They peep through the tunnel at ex-island race

FRANCE'S best-selling national daily, Le Figaro, carried the front-page headline: 'The end of British insularity'.

It may have been an overstatement but the headline, published by the conservative newspaper on Friday, reflected a French consensus that, like it or not, the opening of the Channel Tunnel must change something in Britain.

A plethora of commentaries on Britain in the French press, prompted by the inauguration of the tunnel, covered almost every aspect of modern Britain from sex scandalsto guides on where to buy marmalade in Paris. The left-wing weekly Le Nouvel Observateur, with a cover showing a punk and a bowler-hatted man under the words 'at the end of the tunnel, a people to discover', carried articles by William Boyd and A S Byatt with profiles of John Smith and Richard Branson. The tunnel, it said, was a challenge 'to geography and history: here we are back 3 million years when Britain was not yet an island. A time which only eels remember'.

For the conservative L'Express, Britain 'technically, will stop being an island. It is not enough to say that a page of history has been turned . . . It is the very identity of the country as in the myth created by its inhabitants which is at issue.'

Adding that the tunnel would probably bring more change than Britain's entry into the European Community 22 years ago, L'Express added: 'We do not understand in France the depth of this trauma.' For Le Figaro, the opening of the tunnel 'is proof of the metamorphosis of Europe. They keep saying and repeating that the tunnel project is two centuries old. But before it was just a dream, nothing more.'

While the continent was 'a bloody arena for people disputing the control of the known world, the tunnel did not stand the slightest chance of being brought about. Britain was a citadel. The sea protected its white cliffs and this geographical singularity proved its worth just 54 years ago,' it added.

'Many English people continue to denigrate those conceited and often ridiculous French. Many of the French will still harbour a mistrust for that enemy of the past. But mentalities are changing . . . It is the inexhaustible (Victor) Hugo who said a century and a half ago: 'England, always, will be the sister of France'.'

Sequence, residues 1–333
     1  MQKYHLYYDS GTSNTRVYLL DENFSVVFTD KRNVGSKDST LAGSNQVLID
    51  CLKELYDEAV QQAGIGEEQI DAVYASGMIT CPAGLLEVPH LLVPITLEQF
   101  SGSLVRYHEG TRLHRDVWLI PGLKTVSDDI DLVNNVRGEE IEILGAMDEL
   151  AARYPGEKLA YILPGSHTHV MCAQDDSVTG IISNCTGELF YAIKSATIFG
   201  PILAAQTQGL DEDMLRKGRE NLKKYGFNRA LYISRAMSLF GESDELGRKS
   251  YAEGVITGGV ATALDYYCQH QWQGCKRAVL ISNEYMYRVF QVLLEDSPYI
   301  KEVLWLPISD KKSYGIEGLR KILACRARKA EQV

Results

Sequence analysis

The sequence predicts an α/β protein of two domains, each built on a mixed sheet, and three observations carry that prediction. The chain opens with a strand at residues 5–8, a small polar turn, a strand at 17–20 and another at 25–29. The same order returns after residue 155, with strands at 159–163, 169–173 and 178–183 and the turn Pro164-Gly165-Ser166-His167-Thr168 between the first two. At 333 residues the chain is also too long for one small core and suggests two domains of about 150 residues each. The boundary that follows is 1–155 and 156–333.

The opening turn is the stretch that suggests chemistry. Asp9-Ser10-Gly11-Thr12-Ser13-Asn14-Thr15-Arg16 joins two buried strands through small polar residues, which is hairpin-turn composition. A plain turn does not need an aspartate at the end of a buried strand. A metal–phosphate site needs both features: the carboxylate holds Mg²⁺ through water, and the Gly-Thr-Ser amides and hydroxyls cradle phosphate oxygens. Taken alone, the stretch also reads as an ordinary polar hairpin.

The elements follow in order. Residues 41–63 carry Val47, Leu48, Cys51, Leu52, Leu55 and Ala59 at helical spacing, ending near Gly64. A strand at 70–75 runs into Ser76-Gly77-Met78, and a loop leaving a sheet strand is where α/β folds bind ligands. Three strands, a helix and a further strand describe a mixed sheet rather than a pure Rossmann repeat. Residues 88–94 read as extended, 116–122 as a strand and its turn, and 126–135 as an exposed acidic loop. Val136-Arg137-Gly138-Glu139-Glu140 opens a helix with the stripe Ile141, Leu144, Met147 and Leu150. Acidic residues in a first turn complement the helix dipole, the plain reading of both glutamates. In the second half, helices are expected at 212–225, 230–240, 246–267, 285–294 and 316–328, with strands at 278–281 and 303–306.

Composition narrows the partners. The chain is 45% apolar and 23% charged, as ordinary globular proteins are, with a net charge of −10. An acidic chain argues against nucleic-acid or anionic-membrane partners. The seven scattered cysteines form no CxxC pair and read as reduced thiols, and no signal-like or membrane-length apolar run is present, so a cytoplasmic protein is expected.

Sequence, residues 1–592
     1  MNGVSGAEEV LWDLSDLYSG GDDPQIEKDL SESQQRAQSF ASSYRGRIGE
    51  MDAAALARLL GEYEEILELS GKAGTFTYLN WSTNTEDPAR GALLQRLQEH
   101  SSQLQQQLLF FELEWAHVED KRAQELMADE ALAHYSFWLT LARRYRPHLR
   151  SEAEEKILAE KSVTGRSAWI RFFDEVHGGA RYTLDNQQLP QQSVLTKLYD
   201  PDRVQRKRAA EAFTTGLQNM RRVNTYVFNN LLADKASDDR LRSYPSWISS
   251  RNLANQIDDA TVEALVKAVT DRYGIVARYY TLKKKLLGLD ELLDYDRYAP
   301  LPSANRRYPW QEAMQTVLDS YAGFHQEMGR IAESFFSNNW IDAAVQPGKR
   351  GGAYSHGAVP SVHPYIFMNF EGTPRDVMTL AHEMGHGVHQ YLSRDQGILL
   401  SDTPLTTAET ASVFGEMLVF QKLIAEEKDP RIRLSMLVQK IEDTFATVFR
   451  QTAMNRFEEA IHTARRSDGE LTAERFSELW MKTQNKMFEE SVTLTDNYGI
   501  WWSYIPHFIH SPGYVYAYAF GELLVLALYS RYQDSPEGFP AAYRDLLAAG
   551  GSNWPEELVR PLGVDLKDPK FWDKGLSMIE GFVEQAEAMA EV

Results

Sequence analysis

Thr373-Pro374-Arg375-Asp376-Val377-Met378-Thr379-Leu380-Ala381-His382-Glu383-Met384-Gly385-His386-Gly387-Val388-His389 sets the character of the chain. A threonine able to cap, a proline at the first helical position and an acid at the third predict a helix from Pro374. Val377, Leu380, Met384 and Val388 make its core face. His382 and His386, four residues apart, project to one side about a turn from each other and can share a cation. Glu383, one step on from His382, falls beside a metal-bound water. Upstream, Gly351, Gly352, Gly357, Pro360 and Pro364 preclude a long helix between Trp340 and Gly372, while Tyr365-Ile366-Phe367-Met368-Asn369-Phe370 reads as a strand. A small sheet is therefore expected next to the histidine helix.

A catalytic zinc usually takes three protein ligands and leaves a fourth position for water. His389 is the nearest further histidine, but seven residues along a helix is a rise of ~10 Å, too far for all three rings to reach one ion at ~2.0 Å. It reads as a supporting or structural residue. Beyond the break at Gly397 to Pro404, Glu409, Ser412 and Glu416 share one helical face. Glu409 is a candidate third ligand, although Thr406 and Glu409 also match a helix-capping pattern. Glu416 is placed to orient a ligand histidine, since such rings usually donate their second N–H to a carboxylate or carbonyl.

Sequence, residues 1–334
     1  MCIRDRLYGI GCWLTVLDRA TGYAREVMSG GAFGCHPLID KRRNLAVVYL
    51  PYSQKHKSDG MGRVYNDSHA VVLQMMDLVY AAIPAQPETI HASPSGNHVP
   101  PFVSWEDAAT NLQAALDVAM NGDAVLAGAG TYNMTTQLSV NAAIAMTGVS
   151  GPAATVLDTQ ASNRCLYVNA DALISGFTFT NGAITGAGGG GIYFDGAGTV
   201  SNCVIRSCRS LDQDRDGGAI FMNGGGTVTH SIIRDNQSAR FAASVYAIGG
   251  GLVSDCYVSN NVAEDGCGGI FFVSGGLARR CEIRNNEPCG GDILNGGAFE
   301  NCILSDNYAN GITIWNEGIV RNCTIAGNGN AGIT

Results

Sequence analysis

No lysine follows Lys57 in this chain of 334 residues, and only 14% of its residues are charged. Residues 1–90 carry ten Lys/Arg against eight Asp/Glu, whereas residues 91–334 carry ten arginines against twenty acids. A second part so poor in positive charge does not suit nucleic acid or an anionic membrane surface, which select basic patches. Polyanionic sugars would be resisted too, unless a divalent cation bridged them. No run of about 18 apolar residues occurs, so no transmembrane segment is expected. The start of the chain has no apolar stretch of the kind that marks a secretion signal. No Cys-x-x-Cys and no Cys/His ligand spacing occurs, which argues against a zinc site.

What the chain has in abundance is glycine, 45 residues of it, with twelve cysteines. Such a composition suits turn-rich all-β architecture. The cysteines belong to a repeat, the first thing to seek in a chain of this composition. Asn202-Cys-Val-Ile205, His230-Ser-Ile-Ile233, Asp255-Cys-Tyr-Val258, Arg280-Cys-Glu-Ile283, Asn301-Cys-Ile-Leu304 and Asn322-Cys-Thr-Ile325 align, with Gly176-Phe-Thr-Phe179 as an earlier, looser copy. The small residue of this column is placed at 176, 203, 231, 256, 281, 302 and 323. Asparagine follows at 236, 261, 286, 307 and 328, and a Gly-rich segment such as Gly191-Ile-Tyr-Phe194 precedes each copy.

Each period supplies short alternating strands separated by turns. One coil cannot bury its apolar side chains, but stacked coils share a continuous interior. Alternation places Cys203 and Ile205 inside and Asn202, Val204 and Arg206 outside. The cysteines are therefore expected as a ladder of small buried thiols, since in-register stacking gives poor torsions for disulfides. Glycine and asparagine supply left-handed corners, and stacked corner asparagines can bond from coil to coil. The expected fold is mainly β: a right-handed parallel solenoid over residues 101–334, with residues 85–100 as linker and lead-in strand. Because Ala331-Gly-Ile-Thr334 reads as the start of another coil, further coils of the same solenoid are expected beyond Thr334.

Le Nouvel Observateur's tone was more cautious. 'When they decided, seven years ago, to wipe out the Channel, Francois Mitterrand and Margaret Thatcher wanted above all to give body and a sense to this new Europe which the peoples, rightly, considered just theoretical. As for the symbol, they've won] This Pharaonic project has turned out to be the perfect reflection of European construction: costly and noisy. And with a still uncertain future.'

Le Monde said French politicians were disappointed by Britain. 'French officials watch and regret the fact that Britain, in many respects, has accepted its political and economic decline, that it has given up trying to find its salvation within itself, abdicating too easily before foreign investors. As it also turns into a medium-size power, France - and this is not pure Gallic vanity - rejects this decline which it finds revolting.'

But, Le Monde added, different views did not stop the two countries co-operating and they were 'for Europe, the natural leaders of the common security and foreign policy which is still in limbo . . . When the hour is grave, the French and British in uniform together embody Europe and make it less impotent.'

In a comprehensive review of modern Britainthe monthly Vogue Hommes said relations between the two countries resembled an English sauce: 'Spicy and sweet at the same time. We adore each other and hate each other cordially.

'There is a lot between our two countries: we owe to the English the invention of rain, fog and boiled food and they insist on driving on the left in contravention of our highway code. But they also invented taxis, tweed, the raincoat, pubs and tea, whatever the Chinese and Indians may think.'

Would the tunnel 'change the English? And the French? And Franco-British love affairs? We hope not. The English Rosbifs will still berate the Frogs . . . It is the story of an old couple separated and united by a Channel.'